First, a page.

Google gets closer to EU antitrust deal over search dominance 'abuse'
Likelier than ever to avoid fines, having to admit wrongdoing
But will scrutiny of Google be properly independent if deal is reached?
In its original offer in March, Google unashamedly said that it wanted to appoint the "monitoring trustee" who would be required to closely inspect the ad giant to ensure it sticks to its commitments with the commission.
Google had proposed putting forward a list of suitable candidates for the role. That trustee, Google claimed, would be independent from the company but paid by Mountain View to carry out the work.
"The monitoring trustee shall be remunerated by Google in a way that does not influence or impede the independent and effective fulfilment of its mandate," Google said at the time.
Almunia told MPs today that "in a commitment that in my view deserves careful attention, an independent monitoring trustee would be put in place to provide assistance to the Commission in ensuring that the principles outlined in Google's proposals would be implemented in practice."
It's not yet clear if the "careful attention" the commissioner talks of has anything to do with Google hiring the trustee, or whether the individual will, in fact, be truly independent of the company.
Settlement could be agreed by next spring
The commissioner said that he was now at a "key moment" in a case that has rumbled on for nearly three years.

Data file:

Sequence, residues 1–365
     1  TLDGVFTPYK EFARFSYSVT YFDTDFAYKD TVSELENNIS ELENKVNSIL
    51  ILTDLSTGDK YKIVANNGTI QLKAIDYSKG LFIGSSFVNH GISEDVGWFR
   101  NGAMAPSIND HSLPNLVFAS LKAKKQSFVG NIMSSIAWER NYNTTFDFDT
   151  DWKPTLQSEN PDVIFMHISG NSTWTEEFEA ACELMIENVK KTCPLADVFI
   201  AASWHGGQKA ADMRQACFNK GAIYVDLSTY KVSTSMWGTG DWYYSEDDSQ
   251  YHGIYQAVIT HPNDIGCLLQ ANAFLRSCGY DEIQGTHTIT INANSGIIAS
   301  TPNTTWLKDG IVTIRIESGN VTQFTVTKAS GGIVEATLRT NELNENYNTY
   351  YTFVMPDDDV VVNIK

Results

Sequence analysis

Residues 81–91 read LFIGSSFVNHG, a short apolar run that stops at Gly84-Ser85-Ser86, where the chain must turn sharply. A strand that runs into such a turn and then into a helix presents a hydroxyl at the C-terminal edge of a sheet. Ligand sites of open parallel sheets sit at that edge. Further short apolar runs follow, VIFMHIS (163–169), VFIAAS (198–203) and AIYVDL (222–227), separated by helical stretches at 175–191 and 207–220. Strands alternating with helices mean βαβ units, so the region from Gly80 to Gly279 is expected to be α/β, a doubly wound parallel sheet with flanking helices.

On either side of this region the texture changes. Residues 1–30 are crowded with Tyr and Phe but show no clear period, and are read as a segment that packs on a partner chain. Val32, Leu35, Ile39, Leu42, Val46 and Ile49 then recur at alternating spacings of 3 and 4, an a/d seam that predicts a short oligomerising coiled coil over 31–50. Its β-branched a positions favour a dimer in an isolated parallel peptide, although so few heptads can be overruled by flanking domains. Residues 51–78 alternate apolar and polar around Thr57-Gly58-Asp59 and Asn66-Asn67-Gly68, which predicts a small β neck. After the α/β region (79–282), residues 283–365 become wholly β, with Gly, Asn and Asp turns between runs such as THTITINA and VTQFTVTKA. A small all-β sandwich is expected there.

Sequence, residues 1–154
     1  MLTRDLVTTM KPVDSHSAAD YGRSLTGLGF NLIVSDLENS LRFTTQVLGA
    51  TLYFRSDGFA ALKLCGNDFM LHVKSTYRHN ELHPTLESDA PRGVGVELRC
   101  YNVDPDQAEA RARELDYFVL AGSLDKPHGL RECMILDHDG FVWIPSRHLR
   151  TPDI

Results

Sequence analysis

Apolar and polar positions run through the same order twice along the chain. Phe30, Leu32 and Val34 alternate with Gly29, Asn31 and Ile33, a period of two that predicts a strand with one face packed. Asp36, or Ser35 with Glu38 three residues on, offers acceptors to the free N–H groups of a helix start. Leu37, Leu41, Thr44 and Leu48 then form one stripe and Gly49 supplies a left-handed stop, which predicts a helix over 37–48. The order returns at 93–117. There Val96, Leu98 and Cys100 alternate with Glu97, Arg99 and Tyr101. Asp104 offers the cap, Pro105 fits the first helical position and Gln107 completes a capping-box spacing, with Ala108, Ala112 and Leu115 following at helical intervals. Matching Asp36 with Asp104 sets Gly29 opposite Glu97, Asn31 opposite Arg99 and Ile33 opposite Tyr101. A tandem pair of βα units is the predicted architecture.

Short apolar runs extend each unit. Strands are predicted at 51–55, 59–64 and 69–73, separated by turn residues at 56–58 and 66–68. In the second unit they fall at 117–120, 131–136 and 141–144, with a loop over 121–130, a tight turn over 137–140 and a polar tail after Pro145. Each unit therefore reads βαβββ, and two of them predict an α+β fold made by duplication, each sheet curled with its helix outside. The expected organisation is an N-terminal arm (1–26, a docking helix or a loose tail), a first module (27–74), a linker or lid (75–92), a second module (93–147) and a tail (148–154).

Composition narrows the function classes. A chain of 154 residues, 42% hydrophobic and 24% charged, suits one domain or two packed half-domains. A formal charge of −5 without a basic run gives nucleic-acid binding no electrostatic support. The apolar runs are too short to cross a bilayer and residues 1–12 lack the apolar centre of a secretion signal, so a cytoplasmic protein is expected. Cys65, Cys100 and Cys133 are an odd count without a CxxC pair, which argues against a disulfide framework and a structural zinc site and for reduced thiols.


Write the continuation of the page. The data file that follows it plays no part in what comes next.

He said Google would "support its new proposals with empirical data to show their impact."
As a next step, I will seek feedback on the improved commitments proposal from complainants and other relevant market participants. To that end, we will send information requests, on the basis of the EU Antitrust Regulation 1/2003, on the improvements that are being proposed.
We know the general positions of the complainants and other stakeholders. What we need now is to receive concrete technical elements on the effectiveness of the proposed package in order to conclude whether this new proposal is satisfactory from a competition point of view.
If our investigation on this improved proposal is satisfactory, I will continue the commitments route [Article 9] and end up with a formal decision next Spring. Otherwise, I will be forced to turn to a procedure under Article 7 of the Antitrust Regulation [PDF]: this would mean sending a Statement of Objections to Google in the coming months, to which Google could formally respond in writing and during an Oral Hearing.
Almunia concluded: "I think the settlement route remains the best choice."
Complainants against Google are now digesting the commissioner's remarks in Parliament this morning. The ICOMP lobby group – which counts Google's bitter rival Microsoft as a member – appeared unsatisfied with Almunia's speech.
Its legal counsel David Wood said, according to tweets from ICOMP: "It's unclear that the revised commitments go nearly far enough to meet third party concerns and restore competition, not least because it's unclear how much detail of the proposed package and supporting data will be made public."
He added: "The Commission's plan to issue Requests for Information would seem much less satisfactory than a second formal market test." ®
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